• Cass

    I didn’t address the transition to free speech. In Canada, we don’t have the right to free speech. If you feel wronged by someone’s actions (including words), you can go to your provincial Human Rights Commission and they will investigate your complaint. Sometimes there will be a fine but sometimes it just sucks to be you. I don’t know the mechanism in the UK.

  • http://blog.crispen.org/ Bob Crispen

    OMG! How can I go on living if, when I don’t believe in a god that doesn’t exist, I might be threatened with going to a place that doesn’t exist… after I’m dead and won’t be there to care?

    Mind you, the US is a far more violent place, and kids here can be subjected to real world violence and discrimination. Kids should be protected from that, but not from figments of somebody’s imagination. I advise kids in the UK who are threatened with the wrath of God to tell their wanabee tormentors about the wrath of Thor.

  • http://www.otmatheist.com/ Jason Horton

    This petition is really to raise awareness of the damage that can be inflicted on children who are told of punishment in hell and who believe that hell is real.

    Religious and racial harassment laws in England extend the laws of bullying and verbal assault and provide judges with the power to impose greater penalties for religiously motivated crimes. They don’t add any crimes to the statute books but highlight race and religion as being areas where harassment can be a more sensitive issue.

    Signing this petition, as I have, doesn’t propose adding to the law or limiting a citizens’ right to free speech or to raise their children within a faith. It simply highlights the need to enforce existing laws when applied to the most extreme forms of religious abuse in the mental torture of children. It also proposes that a special case be made, as with religious and racial harassment, for harsher penalties where the religiously motivated bullying of children to indoctrinate them into a religion occurs.

    There is almost no chance of this petition getting into law but there is a small chance that it will raise public awareness and maybe make parents think about how they go about sharing their religion with their children.

  • http://www.stopthenightmares.org.uk Nicola Holt

    Jason is quite right; the main point of a petition like this is not to directly change Government policy (I’m not naive enough to think that starting a petition can do that), but to start a debate and raise awareness of the issue of religious bullying. At the moment, awareness of this issue is minimal. In the UK there is a general belief that religion is no longer important or powerful. This is not the case and anything that we can do to draw people’s attention to the abuses which are taking place is a positive step.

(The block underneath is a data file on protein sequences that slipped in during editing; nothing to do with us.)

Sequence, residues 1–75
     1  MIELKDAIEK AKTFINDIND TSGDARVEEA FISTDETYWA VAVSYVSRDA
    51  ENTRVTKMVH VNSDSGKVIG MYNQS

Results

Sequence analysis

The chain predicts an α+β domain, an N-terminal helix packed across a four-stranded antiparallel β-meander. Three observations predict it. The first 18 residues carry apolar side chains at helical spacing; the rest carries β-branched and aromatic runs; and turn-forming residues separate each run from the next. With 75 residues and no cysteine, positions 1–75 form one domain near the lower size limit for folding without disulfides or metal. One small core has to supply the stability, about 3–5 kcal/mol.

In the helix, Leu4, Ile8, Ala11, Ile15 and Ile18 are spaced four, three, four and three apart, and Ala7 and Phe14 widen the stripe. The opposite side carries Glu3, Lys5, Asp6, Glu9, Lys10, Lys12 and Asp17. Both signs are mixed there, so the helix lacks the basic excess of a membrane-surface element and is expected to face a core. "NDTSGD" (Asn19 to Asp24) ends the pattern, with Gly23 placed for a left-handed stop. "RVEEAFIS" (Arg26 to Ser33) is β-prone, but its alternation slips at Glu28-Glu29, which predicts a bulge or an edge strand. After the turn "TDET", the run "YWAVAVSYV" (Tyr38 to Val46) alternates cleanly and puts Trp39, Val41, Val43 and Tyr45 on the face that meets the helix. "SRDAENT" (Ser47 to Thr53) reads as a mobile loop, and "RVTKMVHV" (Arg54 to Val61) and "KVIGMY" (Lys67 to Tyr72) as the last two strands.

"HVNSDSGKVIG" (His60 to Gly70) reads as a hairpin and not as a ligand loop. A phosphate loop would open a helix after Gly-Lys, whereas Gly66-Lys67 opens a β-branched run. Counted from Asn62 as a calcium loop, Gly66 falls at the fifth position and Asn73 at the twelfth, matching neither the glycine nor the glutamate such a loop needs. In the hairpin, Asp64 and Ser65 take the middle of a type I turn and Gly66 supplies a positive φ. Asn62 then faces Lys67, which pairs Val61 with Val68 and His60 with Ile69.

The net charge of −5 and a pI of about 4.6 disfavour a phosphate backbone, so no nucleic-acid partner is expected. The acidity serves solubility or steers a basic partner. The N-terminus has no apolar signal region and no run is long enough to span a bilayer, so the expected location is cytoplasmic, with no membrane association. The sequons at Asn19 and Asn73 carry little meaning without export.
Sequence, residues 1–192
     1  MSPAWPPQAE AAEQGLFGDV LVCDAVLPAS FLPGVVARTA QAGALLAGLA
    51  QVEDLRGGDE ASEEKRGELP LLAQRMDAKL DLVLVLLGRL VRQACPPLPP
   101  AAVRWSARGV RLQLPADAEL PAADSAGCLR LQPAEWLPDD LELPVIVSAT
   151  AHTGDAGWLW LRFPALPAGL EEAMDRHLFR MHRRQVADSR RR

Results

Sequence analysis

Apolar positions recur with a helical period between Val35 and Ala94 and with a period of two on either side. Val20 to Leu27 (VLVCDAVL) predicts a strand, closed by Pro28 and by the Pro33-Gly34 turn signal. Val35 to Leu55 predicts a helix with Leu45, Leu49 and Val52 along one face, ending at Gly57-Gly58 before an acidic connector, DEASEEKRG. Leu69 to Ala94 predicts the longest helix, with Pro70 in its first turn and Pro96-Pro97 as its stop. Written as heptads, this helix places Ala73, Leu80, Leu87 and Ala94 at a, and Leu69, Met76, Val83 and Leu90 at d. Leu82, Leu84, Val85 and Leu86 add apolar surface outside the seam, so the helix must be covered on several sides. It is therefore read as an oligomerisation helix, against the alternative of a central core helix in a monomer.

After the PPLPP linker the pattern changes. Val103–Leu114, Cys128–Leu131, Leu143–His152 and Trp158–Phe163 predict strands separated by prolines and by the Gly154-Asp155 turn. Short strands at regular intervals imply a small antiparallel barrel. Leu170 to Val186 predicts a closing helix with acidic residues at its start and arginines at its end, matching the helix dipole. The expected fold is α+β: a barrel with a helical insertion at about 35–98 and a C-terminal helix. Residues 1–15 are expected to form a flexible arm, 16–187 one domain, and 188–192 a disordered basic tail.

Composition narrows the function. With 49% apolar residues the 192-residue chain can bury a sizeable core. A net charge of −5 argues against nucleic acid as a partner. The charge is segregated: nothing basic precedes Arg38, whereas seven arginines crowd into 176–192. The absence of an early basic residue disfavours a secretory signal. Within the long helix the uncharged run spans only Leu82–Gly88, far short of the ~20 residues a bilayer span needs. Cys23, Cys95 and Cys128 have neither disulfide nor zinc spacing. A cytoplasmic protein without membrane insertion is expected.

The freedom of speech argument against the petition is a common one. I’d like to make two points on this.

    Firstly, we should not consider it a freedom of speech issue if someone seriously psychologically tortures a child with the sole intent of manipulating them into a state of compliant terror. Children are protected from certificate 18 films, adult television programmes and other material because it is generally accepted that they are impressionable and more likely to be traumatised by exposure to these things. I fully believe that adults should have the right to read and watch what they want to; but I do not believe that we should extend that freedom to people wishing to expose children to this material. If you are a parent, consider someone showing your children hardcore bondage pornography. Is that a freedom-of-speech issue too? Or should we perhaps be considering the effect this would have on the mind of a child?

    Secondly, I think that the distinction between physical and psychological bullying is not as clear as many people assume. If you bully someone or expose them to violent imagery, it has a physical effect on the brain which is reflected in behavioural and emotional changes. The effects of religious bullying are very real indeed for the victims.

    There are two very helpful articles on Richard Dawkins’ website about this:
    http://richarddawkins.net/article,118,Religions-Real-Child-Abuse,Richard-Dawkins
    http://richarddawkins.net/article,2176,A-Letter-From-Hell,RichardDawkinsnet

    Also have a look on YouTube for ‘Hell House’. There is a tour there of a hell house with horrible, unrealistic, frightening imagery which is aimed specifically at children. Images like that (particularly the abortion scene) would not be allowed in a film aimed at children; so why should we allow the Government to treat religious groups any differently when it comes to what children are exposed to?

    The problem here is just that: inequality of application of existing legislation; and contradictory legislation on religious freedoms and the rights of children to live free from bullying and trauma. This needs to be clarified; and the special treatment that religious groups enjoy when it comes to this sort of abuse needs to be dealt with.

    If I threaten a child with torture the authorities would take action to stop it. If you’re in any doubt about the inequality here, phone the police and tell them that your child was threatened with damnation by a street preacher and see what they say.

    Nicola Holt